According to the calendar, today is the first day of spring. Of course, an arbitrary date on a calendar doesn’t necessarily line up with what a body might be experiencing. A friend of mine, the writer Linda Grimes, uploaded a video of the snow gently falling in her front yard this morning. For her and her East coast counterparts, spring feels a bit off. And, of course, out here on the West coast, spring began creeping into being several weeks ago.
Sitting down at my kitchen table this morning, I realized the trees along the creek have leaves on them. I don’t remember there being leaves on them yesterday. But they are certainly there today. The dogwoods in my yard still are leafless and the big maple across the field still is in pre-bud form. But those birches across the way definitely unfurled their leaves in the past few days.
How did I miss the leaves unfurling? They aren’t that far from my window and I’ve certainly been waiting expectantly for them to stretch their leaves towards the sun.
There are actually several logical reasons for my having missed the event. I’m near-sighted and even with my glasses, tiny leaves across a field are a bit hard to see. I haven’t sat at my table in this way since last Monday and perhaps they hadn’t leafed out yet.
But more likely, I missed those leaves unfurling because I was busy doing other things and forgot to notice. Because, honestly, the passage of time is a subtle thing that we ignore unless something catches our attention.
However, there is one tree that I have been paying attention to all winter and into the spring.
This photo from early December, 2014 gives you an idea of what my front yard looks like, as well as the big maple across the field.
I love Japanese maples for many reasons – the least of which is their graceful form. Even more than their grace, I enjoy their slow growing, delicate ways. They are a tree that appreciates the passage of time. This is an appreciation that does not come easily to my impatient self.
What this photo doesn’t show is that the tree is actually damaged. When it was transported from the nursery to our lot, several branches were broken off, a jagged reminder of the tree’s fragility.
Our landscaper will replace it, but the dead of winter is not a good time to find Japanese maples. So this little tree graces our front yard, until it goes to a different space and we have a new, unbroken tree.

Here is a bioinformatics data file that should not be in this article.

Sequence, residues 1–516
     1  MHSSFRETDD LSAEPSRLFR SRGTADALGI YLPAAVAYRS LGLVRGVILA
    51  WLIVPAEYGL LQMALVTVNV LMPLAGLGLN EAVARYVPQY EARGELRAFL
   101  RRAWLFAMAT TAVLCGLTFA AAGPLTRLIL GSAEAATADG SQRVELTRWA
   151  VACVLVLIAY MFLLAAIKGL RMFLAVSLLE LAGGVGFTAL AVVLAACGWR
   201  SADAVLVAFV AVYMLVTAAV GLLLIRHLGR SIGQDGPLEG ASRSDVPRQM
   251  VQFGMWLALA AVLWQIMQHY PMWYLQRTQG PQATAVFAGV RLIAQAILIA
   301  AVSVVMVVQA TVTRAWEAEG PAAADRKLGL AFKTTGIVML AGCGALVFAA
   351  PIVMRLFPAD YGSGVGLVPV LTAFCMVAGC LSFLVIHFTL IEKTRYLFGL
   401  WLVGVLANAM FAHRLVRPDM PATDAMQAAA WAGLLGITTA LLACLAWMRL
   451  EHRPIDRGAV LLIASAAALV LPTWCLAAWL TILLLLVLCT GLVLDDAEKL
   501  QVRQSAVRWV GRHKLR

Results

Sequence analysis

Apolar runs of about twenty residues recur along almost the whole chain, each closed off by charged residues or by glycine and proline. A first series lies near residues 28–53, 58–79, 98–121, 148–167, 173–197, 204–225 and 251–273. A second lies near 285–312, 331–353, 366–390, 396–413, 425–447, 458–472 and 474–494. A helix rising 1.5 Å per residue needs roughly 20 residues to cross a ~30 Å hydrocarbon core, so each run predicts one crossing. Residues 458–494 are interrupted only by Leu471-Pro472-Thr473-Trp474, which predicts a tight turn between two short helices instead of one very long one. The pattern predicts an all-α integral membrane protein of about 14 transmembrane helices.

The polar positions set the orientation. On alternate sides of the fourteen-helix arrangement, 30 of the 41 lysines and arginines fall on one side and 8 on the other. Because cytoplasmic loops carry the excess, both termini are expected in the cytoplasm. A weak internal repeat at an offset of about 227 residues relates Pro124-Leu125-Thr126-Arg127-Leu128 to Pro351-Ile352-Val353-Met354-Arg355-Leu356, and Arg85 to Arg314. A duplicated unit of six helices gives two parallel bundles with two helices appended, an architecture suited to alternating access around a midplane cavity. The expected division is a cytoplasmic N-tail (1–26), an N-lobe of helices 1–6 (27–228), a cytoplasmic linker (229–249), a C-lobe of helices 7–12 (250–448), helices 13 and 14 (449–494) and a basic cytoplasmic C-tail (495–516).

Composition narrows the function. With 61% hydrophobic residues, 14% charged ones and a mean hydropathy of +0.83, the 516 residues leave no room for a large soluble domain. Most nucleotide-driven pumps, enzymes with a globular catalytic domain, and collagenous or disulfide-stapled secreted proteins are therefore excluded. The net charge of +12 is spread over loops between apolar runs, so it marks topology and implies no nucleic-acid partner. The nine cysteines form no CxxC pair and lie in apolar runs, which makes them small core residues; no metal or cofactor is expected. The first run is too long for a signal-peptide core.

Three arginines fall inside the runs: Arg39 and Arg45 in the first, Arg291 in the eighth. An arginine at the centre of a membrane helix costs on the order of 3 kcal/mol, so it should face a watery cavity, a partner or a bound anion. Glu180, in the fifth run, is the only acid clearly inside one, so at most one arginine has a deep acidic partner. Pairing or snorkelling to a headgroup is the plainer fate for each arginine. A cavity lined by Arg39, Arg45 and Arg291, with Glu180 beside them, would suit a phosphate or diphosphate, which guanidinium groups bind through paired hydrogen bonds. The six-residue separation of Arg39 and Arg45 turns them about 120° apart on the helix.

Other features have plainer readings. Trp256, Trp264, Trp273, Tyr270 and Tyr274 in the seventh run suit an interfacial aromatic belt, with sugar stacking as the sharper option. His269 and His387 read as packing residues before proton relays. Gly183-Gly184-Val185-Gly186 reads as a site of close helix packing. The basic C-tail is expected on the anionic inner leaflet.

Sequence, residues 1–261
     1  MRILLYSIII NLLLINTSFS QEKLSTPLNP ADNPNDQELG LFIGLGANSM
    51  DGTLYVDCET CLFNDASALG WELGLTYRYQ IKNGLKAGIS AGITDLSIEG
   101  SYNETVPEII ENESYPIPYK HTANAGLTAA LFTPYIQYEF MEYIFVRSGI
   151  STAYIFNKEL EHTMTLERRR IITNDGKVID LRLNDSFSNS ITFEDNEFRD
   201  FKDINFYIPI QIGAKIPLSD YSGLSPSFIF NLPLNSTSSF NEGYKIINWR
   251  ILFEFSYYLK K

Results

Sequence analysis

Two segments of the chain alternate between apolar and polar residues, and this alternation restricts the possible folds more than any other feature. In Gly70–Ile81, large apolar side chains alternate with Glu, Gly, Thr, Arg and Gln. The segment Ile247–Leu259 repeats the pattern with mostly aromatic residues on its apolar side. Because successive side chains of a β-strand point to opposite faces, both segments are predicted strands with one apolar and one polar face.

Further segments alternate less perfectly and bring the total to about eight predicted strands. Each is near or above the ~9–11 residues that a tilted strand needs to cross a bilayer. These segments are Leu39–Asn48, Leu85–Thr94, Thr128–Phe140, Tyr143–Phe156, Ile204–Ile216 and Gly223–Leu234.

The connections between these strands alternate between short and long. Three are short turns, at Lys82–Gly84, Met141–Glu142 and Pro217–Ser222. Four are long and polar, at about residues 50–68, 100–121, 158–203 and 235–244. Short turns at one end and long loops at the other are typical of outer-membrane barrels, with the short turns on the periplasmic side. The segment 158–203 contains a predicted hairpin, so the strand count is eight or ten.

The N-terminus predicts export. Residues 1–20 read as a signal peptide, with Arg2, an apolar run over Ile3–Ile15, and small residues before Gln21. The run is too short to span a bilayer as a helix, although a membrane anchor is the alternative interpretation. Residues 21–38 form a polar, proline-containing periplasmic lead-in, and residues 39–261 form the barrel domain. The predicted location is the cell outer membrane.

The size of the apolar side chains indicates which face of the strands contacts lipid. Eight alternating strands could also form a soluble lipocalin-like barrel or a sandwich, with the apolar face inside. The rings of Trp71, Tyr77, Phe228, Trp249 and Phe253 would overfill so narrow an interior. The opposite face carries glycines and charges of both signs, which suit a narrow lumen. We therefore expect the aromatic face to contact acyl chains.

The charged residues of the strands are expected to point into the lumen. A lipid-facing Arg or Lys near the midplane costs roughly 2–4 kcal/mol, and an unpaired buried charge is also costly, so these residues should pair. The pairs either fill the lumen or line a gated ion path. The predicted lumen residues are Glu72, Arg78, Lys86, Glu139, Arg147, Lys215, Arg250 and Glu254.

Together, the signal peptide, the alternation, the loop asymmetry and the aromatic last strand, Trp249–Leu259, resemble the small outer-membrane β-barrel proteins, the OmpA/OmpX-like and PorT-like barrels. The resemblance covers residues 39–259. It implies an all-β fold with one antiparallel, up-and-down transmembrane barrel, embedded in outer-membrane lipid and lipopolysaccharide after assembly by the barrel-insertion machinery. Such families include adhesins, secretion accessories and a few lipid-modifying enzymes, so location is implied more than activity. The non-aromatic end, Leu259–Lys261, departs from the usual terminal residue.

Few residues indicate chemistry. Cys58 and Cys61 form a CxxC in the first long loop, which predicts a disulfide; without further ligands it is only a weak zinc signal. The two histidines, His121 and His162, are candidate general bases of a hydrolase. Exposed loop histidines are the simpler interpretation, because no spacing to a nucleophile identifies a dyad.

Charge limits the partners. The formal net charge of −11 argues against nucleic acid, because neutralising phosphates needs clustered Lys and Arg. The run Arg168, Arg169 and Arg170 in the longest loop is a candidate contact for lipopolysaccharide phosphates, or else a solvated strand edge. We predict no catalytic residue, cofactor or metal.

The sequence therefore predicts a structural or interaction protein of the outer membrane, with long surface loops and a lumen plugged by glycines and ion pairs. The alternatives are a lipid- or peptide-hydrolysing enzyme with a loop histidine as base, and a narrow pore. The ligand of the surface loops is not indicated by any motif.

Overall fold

This winter, as it passed slowly into spring with its unfurling leaves, has been a good time to practice a more zen-like way of life. Truthfully, I am better at thinking about being zen-like than I am at being zen-like. But it is a field of possibility I always return to with hope.
The transition from fall to winter reminded my family again and again how fragile we are. We bend as best we can, but truthfully, we can break and leave a jagged version of our former selves. My father, with whom I have a complicated relationship, is ill and currently hospitalized with pneumonia and heart issues. And while he is not tree, I can’t help but see connections between his health and these trees that surround me, waiting to spring into a new version of themselves. The winter was hard, but spring promises the arrival of better times.
Yesterday, as I left my house to meet my weekly writing group, I noticed that my Japanese maple is being to leaf out. Where there has only been the promise of leaves, there is suddenly proof that while it may be broken, this tree is going to flourish in spite of those two branches.
Those tiny leaves are a promise to keep trying, even though times have not always been easy.
These leaves unfurling parallel my spring in so many ways. As a writer, I have been stuck in the winter of things. And yet, spring has finally come. On Sunday, March 15th, I was offered and I accepted representation by Danielle M. Smith of Red Fox Literary. Having an agent, while not a guarantee of anything, means not being alone in my pursuit of publication. It means that while I’ve been broken and waiting, spring has arrived.
I’m unfurling my leaves and looking forward to what the summer sunshine brings.